The Victorian Department of Treasury and Finance has (as the lead sponsor of an inter-jurisdictional steering committee) released a report: In Pursuit of Additional Value: A benchmarking study into alliancing in the public sector. The report details the results of a study on the performance of alliancing in Australia. The research is based on a five-year study of 14 projects covering a range of major infrastructure sectors.
The major theme of the report is that alliancing has the potential to deliver value for money outcomes for owners, and performs particularly well in delivering non-financial outcomes. As a collaborative delivery method and compared to traditional delivery methods, alliances were found to perform well in avoiding disputes, improving non-cost outcomes and commencing physical works early, leading to earlier completion.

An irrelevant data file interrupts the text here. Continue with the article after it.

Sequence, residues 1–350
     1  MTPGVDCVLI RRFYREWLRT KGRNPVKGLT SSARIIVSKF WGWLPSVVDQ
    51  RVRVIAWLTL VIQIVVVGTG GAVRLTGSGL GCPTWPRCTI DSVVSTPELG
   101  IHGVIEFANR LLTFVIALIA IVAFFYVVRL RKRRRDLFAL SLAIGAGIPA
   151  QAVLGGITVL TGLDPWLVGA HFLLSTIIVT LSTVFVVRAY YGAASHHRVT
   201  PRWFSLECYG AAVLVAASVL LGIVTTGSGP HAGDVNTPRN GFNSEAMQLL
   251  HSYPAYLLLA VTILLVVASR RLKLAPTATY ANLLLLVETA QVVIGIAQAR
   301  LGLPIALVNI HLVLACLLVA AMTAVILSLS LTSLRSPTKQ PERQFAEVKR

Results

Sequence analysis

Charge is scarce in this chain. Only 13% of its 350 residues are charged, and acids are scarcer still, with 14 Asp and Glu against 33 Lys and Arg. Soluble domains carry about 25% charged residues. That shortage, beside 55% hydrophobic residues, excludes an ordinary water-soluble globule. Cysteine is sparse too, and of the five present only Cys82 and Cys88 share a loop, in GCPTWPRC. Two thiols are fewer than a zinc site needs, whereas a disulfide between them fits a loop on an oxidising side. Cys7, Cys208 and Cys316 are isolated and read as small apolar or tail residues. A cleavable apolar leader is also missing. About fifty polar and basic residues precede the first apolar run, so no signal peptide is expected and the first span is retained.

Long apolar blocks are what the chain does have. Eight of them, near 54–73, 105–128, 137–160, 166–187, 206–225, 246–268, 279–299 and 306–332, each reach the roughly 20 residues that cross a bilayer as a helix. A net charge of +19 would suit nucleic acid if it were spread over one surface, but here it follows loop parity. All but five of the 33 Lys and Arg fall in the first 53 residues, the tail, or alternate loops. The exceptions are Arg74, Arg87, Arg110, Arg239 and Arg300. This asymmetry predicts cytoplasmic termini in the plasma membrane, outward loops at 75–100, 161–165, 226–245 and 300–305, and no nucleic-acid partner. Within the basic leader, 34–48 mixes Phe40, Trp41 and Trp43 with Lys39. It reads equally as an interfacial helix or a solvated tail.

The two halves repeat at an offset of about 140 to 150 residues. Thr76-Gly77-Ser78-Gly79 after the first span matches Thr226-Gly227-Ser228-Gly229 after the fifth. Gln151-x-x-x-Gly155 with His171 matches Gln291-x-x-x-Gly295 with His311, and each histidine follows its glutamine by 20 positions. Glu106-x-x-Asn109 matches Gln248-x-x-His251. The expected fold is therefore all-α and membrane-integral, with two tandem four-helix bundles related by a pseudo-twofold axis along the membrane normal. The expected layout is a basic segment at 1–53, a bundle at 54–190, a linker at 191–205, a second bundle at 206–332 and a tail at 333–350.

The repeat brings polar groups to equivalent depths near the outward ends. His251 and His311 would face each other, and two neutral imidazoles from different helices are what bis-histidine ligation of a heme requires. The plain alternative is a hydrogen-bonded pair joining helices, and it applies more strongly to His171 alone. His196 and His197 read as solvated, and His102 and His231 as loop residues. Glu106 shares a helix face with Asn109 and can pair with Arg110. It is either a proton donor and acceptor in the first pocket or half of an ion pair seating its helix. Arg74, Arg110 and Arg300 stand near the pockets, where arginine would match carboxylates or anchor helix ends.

One of the key findings was that the actual outturn costs for the alliancing projects in the sample case studies were 45-55 percent above the costs quoted in business cases. This compared to PPP delivery which rated at 5-10 percent and traditional models at 20 percent. Despite these figures, the policy recommendations were in favour of government retaining and developing alliancing as a project delivery method for infrastructure provided that steps are taken to improve the rigour in estimating outturn costs in the business case and that a greater emphasis is placed on maximising the opportunity for price competition in the procurement process.
In our next edition of Project Insights we will review the findings and implications in more detail.